Climate activists fail to convince juries of their case

Greater harm argument no longer persuasive, writes Arwa Aburawa

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The guilty verdict at the recent trial of six climate activists who broke into Manchester Airport and formed a human chain around a plane to highlight aviation emissions delivers another blow to environmental campaigners defending direct action.

At Trafford magistrates court Judge Jonathan Taaffe dismissed claims by the activists that their law-breaking was justified by the need to tackle climate change and insisted that there was only a “remote” link between their actions and reducing emissions. The prosecution also pointed out that the activists’ actions had actually led to an increase in carbon emissions as the plane they delayed burned an extra £1,500 worth of fuel.

Greater threat

The Manchester climate trial follows a string of cases in which climate campaigners have failed to convince either a judge or a jury that their actions were lawful because they were attempting to prevent the greater threat of climate change.

Last December climate activists who planned to shut down the coal station at Ratcliffe-on-Soar near Nottingham failed to convince a jury that their actions were justified by the “imminent threat” of global warming. Campaigners who obstructed a train carrying 1,000 tonnes of coal heading to Drax station in North Yorkshire were also handed a guilty sentence in 2009 as the jury didn’t feel that their actions were “necessary and proportionate to prevent the greater crime of carbon pollution”.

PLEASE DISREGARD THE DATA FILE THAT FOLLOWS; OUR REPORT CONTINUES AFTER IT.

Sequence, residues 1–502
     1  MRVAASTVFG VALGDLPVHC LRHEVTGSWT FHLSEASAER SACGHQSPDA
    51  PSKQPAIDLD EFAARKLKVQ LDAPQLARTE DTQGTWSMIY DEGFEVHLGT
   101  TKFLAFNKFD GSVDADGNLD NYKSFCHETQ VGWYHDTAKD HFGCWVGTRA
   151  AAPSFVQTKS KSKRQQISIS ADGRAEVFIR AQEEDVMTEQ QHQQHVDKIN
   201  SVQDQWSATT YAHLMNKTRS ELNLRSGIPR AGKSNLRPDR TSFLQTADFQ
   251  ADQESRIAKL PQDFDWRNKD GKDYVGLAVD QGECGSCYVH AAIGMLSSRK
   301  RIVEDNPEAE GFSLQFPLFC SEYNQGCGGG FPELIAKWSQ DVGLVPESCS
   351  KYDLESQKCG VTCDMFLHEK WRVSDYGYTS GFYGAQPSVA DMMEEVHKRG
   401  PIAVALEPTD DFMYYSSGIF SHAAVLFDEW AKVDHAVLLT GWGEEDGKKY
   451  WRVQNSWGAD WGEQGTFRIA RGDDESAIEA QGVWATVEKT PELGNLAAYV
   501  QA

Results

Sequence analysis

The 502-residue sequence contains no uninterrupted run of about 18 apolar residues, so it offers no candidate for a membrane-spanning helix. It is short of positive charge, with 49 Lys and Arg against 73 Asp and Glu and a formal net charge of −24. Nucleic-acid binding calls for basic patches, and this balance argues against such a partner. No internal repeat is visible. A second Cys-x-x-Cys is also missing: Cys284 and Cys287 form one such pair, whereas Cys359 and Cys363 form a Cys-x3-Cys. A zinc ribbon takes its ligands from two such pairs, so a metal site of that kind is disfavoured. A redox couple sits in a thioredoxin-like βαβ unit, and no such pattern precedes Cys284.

The recent guilty verdicts have dashed hopes following the Kingsnorth Trial in 2008, in which six Greenpeace activists were cleared of criminal damages after they defaced a power station chimney with the word “Gordon”. It was the first case to successfully argue that the actions of the campaigners were legally justifiable as they were trying to stop climate change causing greater harm to property around the world.

Activists championing various causes such as an end to GM crops and disarmament have a long history of successfully invoking the defence that they took direct action to prevent a greater crime.

In 1996, four female arms activists who damaged a Hawk fighter jet belonging to British Aerospace were acquitted by a Liverpool jury on the basis that they wanted to prevent a greater crime from being committed – that the Indonesian government would use the plane against people in East Timor.

Moral convictions

However, climate activists have struggled to apply this defence with the same level of success, which suggests that judges and juries may not see carbon emissions as a threat in the same way that they see a fighter jet as a menace to human life.

Mike Schwarz, a criminal defence solicitor at the London-based firm Bindmans, explained that the defences open to environmental activists – lawful excuse, necessity or preventing greater harm – all conflate into the general principle of preventing a greater crime and that environmental activists had few other options in mounting a legal defence.

But Robbie Gillett, 24, a climate campaigner who was found guilty at the recent Manchester trial, insisted that people will continue to take direct action based on their moral convictions and not the verdicts delivered in court.

Proud tradition

“People take direct action to stop emissions or to prevent high-carbon infrastructure from going ahead because they see it as the right thing to do,” he said. “Whether you’re acquitted or found guilty isn’t important.
“Of course the Kingsnorth acquittal sent a really uplifting message to the climate movement but it’s misleading to think that direct action relies on the judiciary’s support. We have a long and proud tradition of direct action here in the UK and I think that will continue regardless of what the courts say.”

Photo: the six activists found guilty over direct action at Manchester Airport

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